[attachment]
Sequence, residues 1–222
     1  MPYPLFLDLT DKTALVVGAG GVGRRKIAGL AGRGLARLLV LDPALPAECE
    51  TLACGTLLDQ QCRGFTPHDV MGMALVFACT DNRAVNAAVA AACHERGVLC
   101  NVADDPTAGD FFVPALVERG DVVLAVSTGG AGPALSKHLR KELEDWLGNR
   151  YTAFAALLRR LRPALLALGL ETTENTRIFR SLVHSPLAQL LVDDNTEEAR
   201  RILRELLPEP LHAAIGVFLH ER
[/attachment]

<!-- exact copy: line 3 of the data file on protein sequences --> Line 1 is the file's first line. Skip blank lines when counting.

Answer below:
    51  TLACGTLLDQ QCRGFTPHDV MGMALVFACT DNRAVNAAVA AACHERGVLC